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Science Editing > Volume 8(1); 2021 > Article
Science Editing 2021;8(1): 47-56. doi: https://doi.org/10.6087/kcse.229
Network of institutions, source journals, and keywords on COVID-19 by Korean authors based on the Web of Science Core Collection in January 2021
Kyung Won Kim1 , Geume Hee Jeong2
1Department of Nursing, Daegu Haany University, Daegu, Korea
2School of Nursing, Hallym University Chuncheon, Korea
Corresponding Author: Geume Hee Jeong, Email: ghjeong@hallym.ac.kr
Received: February 5, 2021;  Accepted: February 10, 2021.
ABSTRACT
Purpose:
The aim of this study was to characterize the network of institutions, journals, and topics of coronavirus disease 2019 (COVID-19) literature by Korean authors in the Web of Science Core Collection. The specific goals were to identify the collaborative relationships between Korean authors and international authors and to explore clusters of institutions, journals, and topics.
Method:
Literature was searched in the Web of Science Core Collection on January 30, 2021. The search terms were “SARS-CoV-2” or “COVID” or “novel coronavirus” in the subject field. The search results were limited again to “South Korea” as the country and the publication type of “article.” The measurement tool was Biblioshiny, an app version tool for Bibliometrix.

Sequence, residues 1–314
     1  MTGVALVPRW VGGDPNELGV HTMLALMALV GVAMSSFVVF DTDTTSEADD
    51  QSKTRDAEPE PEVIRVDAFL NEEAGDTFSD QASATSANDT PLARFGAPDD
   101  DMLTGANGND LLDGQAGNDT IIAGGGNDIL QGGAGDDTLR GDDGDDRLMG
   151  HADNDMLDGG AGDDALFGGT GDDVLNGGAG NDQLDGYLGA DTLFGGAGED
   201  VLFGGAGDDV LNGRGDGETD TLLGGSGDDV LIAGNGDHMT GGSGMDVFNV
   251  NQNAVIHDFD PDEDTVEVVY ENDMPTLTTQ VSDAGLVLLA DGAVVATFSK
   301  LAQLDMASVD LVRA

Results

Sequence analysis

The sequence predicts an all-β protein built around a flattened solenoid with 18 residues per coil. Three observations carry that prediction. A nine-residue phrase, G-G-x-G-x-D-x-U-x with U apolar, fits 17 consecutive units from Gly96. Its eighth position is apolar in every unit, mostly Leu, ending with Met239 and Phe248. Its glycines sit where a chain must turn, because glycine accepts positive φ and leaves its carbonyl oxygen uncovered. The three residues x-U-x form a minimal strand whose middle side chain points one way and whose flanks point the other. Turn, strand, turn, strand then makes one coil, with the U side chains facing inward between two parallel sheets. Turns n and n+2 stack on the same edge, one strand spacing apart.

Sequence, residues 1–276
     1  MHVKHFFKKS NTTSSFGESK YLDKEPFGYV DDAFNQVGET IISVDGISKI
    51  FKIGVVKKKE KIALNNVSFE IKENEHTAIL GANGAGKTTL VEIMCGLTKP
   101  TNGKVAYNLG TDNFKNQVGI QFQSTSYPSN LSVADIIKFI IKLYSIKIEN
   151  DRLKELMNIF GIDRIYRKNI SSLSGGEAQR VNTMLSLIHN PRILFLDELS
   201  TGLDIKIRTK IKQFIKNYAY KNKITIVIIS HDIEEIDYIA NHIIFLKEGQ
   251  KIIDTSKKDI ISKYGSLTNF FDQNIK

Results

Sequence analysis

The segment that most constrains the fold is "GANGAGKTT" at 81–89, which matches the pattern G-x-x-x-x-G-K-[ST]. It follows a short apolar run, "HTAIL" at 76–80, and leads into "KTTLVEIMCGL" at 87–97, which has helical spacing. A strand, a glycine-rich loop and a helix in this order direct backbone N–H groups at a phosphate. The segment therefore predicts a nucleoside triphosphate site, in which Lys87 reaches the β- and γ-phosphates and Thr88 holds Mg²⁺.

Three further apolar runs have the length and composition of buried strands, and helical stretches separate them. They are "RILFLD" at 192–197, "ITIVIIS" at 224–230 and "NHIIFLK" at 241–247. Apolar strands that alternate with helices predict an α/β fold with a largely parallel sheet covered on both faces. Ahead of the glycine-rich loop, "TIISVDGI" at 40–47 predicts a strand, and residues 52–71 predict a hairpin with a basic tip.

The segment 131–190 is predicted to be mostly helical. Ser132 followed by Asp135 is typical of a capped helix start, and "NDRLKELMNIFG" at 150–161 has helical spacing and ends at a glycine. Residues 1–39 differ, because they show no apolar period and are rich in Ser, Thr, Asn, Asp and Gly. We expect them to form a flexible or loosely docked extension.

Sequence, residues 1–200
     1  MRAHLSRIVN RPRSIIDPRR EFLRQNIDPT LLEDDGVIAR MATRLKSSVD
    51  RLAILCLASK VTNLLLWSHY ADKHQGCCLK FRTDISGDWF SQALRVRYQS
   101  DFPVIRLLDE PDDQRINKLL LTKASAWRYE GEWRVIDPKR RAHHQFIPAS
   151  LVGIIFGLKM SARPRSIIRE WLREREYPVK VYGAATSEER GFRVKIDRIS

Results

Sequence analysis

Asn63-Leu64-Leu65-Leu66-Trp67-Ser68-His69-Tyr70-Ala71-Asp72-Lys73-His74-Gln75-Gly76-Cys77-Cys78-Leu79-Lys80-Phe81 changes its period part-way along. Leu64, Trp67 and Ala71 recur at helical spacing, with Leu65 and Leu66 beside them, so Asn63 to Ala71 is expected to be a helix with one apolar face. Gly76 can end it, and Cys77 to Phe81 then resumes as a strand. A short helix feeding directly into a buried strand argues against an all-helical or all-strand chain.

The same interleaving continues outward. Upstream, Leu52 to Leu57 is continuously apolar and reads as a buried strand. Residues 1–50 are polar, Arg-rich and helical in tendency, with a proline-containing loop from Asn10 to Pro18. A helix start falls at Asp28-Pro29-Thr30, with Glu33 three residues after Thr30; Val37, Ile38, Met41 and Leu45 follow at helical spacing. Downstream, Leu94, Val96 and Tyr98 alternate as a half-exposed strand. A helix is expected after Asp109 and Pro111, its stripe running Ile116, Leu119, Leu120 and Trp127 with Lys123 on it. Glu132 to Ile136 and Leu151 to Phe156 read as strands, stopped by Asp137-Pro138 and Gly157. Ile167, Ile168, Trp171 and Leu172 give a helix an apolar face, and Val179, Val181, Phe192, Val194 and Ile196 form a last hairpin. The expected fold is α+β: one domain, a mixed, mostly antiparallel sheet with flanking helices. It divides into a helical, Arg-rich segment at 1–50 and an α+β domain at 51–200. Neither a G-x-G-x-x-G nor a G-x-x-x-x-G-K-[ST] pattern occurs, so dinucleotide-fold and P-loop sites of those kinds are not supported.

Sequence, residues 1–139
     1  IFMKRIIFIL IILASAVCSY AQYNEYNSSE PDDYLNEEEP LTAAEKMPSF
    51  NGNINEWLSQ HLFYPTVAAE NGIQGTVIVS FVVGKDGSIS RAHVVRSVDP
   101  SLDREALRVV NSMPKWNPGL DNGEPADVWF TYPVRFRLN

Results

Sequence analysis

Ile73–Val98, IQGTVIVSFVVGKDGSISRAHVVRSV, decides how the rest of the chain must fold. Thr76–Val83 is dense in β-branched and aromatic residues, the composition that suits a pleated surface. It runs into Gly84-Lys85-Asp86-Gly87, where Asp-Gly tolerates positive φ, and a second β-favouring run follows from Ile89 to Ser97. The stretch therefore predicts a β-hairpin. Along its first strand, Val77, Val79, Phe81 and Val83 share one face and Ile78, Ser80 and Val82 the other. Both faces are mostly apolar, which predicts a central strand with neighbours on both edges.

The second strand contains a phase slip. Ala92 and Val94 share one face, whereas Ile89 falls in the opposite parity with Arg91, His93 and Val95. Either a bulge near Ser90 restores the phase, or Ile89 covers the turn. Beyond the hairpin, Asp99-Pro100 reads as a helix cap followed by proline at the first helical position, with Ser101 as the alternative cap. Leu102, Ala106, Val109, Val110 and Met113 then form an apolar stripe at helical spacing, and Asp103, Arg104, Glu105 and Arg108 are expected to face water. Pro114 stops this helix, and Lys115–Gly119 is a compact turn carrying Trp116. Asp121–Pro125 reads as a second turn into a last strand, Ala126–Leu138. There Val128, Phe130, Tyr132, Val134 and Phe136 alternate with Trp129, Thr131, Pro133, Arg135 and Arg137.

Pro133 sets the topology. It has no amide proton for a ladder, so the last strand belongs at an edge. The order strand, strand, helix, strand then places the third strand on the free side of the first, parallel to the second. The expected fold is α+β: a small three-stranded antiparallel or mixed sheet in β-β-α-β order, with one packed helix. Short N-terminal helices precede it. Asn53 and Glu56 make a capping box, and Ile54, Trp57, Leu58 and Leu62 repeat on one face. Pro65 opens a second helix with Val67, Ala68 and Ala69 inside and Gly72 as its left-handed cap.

Results:
Korean authors published 3.2 times more COVID-19–related articles in journals outside of Korea than in Korean journals. The journals showed three clusters by bibliographic coupling. In contrast, the co-citation network showed four clusters. Only a few journals were included in the clusters in both analyses. The conceptual structure of Keywords Plus by factorial analysis showed two clusters: “pathology and clinical treatment” and “knowledge and attitudes.” Institutions’ collaborative network consisted of four clusters. Korean researchers actively collaborated with international researchers, especially those in the United States.
Conclusion:
Because only a few Korean journals were included in the journal clusters by both coupling and co-citation network, more active citation of Korean journals is recommended. The identification of human behavior as a distinct theme in COVID-19 research suggests a different focus in this area besides clinical studies.
Keywords: Bibliometrics; Coronavirus; COVID-19; Journal publishing; Republic of Korea
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